...
« Last Edit: August 22, 2015, 01:52:03 pm by Randi »

HatterJack

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Re: History Gone By the Board
« Reply #17 on: August 22, 2015, 02:49:12 pm »
On a somewhat lighter note, the trenches of the campaign were sometimes close enough that the Allied soldiers would lob cans of beef and cigarettes into the Ottoman trenches, and the Ottoman soldiers would return fire (so to speak) with dates and other assorted Mediterranean sweets. If you ignore the conditions in the trenches, health wise, there was still time for humorous exchanges in the midst of that hell. Alan Moorehead recorded an account of an Ottoman batman (essentially an officer's personal servant) who was allowed to hang his platoon's laundry on the barbed wire, while both sides would hold their fire while the old man went about his washing.

Anyone with an interest in the battle, should really consider picking up Moorehead's book "Gallopoli". It's a powerful read.
« Last Edit: August 22, 2015, 03:42:17 pm by Randi »

Bob

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Re: History Gone By the Board
« Reply #18 on: August 28, 2015, 12:45:08 am »
USS Jamestown
April 22, 1851
Norfolk Navy Yard


From 4 to 8   Sent the Marines on shore to attend the burial of the late Commodore Barron.

From Mer to 4   At 1.30 fired in company with the Adams & Pennsylvania 13. minute guns as a mark of respect to the late "Commodore Barron".


http://oldweather.s3.amazonaws.com/ow3/final/USS%20Jamestown/vol006of067/vol006of067_004_1.jpg


Commodore James Barron, who died in Norfolk the day before the ceremonies mentioned here in the log, seems an unlikely recipient of such honors. He was court-martialed in 1807 for surrendering the frigate USS Chesapeake to a British warship practically without a fight, and killed Commodore Stephen Decatur in a duel in 1820.

The so-called Chesapeake-Leopard Affair occurred in June of 1807, when the USS Chesapeake, under the command of Commodore Barron, was intercepted by the HMS Leopard soon after it had departed Norfolk, bound for the Mediterranean. Officers from the Leopard demanded the Chesapeake surrender some alleged deserters from the Royal Navy. The Chesapeake refused to cooperate, and the Leopard then fired broadsides into the Chesapeake, killing and wounding several crew. The Chesapeake only managed to fire a single gun before Barron struck his colors and surrendered. Four Royal Navy deserters, three of them actually American citizens, were removed to the Leopard, and the damaged Chesapeake was released to return to port.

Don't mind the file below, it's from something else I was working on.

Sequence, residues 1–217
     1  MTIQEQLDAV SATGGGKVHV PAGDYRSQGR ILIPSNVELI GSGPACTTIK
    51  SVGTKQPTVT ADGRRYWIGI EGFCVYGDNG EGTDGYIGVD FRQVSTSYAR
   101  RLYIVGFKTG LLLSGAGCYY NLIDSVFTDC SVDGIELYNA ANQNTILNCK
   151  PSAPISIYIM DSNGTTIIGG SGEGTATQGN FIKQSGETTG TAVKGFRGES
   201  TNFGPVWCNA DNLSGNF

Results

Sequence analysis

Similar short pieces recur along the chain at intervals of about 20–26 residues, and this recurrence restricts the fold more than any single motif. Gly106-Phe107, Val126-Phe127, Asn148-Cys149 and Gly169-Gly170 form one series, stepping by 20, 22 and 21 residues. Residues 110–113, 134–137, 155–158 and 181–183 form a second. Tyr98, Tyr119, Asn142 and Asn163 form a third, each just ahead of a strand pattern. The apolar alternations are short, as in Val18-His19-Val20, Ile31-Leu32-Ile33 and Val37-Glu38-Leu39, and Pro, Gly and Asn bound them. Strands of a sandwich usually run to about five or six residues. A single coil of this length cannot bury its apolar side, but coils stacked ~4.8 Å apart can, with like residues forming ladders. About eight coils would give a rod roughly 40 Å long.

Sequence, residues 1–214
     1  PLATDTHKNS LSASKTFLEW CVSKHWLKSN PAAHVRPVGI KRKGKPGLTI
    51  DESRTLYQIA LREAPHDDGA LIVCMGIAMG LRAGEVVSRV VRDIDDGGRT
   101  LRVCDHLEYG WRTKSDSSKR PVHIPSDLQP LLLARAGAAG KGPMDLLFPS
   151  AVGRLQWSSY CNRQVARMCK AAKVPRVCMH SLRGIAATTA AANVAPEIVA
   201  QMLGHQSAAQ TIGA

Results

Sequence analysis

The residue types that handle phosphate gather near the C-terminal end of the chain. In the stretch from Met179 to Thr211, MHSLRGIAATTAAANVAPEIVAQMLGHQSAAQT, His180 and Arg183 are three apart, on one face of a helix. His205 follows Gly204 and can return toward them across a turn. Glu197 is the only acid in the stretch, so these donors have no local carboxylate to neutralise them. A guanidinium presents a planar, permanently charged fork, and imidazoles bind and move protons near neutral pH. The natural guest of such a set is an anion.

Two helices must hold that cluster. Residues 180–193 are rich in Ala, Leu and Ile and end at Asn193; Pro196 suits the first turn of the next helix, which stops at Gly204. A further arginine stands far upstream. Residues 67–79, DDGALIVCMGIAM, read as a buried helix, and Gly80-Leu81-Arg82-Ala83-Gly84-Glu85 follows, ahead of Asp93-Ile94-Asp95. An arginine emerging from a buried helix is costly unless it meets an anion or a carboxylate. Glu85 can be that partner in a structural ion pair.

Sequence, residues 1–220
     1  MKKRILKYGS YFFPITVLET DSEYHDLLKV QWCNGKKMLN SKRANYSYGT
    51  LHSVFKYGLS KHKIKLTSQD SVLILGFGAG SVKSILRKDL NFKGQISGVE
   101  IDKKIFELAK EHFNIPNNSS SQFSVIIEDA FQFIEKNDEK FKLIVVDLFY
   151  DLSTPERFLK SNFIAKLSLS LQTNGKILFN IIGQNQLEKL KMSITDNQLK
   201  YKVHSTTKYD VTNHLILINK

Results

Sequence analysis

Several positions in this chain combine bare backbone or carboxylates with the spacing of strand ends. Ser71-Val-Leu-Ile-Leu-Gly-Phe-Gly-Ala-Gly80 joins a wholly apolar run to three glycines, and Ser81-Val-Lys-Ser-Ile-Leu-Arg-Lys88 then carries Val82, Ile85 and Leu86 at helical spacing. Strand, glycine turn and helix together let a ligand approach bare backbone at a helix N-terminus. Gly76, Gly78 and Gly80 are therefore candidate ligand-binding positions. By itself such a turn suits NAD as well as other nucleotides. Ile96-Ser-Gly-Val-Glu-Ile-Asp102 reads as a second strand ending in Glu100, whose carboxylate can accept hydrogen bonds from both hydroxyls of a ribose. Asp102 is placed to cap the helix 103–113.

Barron was subsequently tried on several counts of negligence, primarily for not having the ship completely ready for duty before departure (there were problems with the gun carriages and other equipment) and surrendering the ship too readily. He was found guilty of some of the charges and suspended from duty for five years. He soon left the country and traveled overseas for several years.

Barron returned to America after the start of the War of 1812 and petitioned the Navy for reinstatement to command. Decatur, who had been one of the court-martial presiding officers, was outspokenly critical of Barron's performance with the Chesapeake, and opposed Barron's reinstatement. Barron challenged Decatur to a duel over the matter, in which both men were shot. Decatur died of his wound the next day, Barron eventually recovered from his.

Despite the Chesapeake embarrassment and the killing of a national hero, Barron remained in the Navy on shore duty, eventually becoming its senior officer, and retained the privilege of a formal salute from the fleet after his death.


James Barron:
https://en.wikipedia.org/wiki/James_Barron

Chesapeake-Leopard Affair:
https://en.wikipedia.org/wiki/Chesapeake%E2%80%93Leopard_Affair

Court Martial Proceedings:
https://books.google.com/books?id=NeY-AAAAYAAJ&pg=PA7&lpg=PA7&dq=james+barron+court+martial+proceedings&source=bl&ots=y-RU24wfQK&sig=ExyIMcvoHcIKeFdeeBJLUnDNd50&hl=en&sa=X&sqi=2&ved=0CB4Q6AEwAGoVChMI4Mr2w5vKxwIVi1YeCh1oWAaU#v=onepage&q=james%20barron%20court%20martial%20proceedings&f=false

Stephen Decatur:
https://en.wikipedia.org/wiki/Stephen_Decatur
« Last Edit: August 28, 2015, 12:53:50 am by kimma001 »

Janet Jaguar

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Re: History Gone By the Board
« Reply #19 on: August 28, 2015, 01:02:56 am »
What a very odd history.  I must say, someone needs to stay on shore and do all the paperwork, I'm hoping he was better at organizing office work than armaments.  Just the same, he did serve.

Rest in peace, James Barron.

Bob

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Re: History Gone By the Board
« Reply #20 on: August 28, 2015, 01:37:42 am »
Indeed. There's a book out there called The Tragic Career of Commodore James Barron, published in 1942, so I'm sure there's a more sympathetic side to his story that doesn't come through very strongly in the immediately available versions.

HatterJack

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Re: History Gone By the Board
« Reply #21 on: September 03, 2015, 12:14:49 pm »
http://forum.oldweather.org/index.php?topic=3903.msg114932#msg114932

This is a link to the original find, where USFC Albatross hauled anchor to make ready to get under way. The crew found the anchor had been fouled by something hidden beneath the teal waters of the San Francisco Bay. What it was, exactly, is a rather complicated mystery that is unlikely to ever be truly solved. There are, however, some suspects that stand out a bit more than others.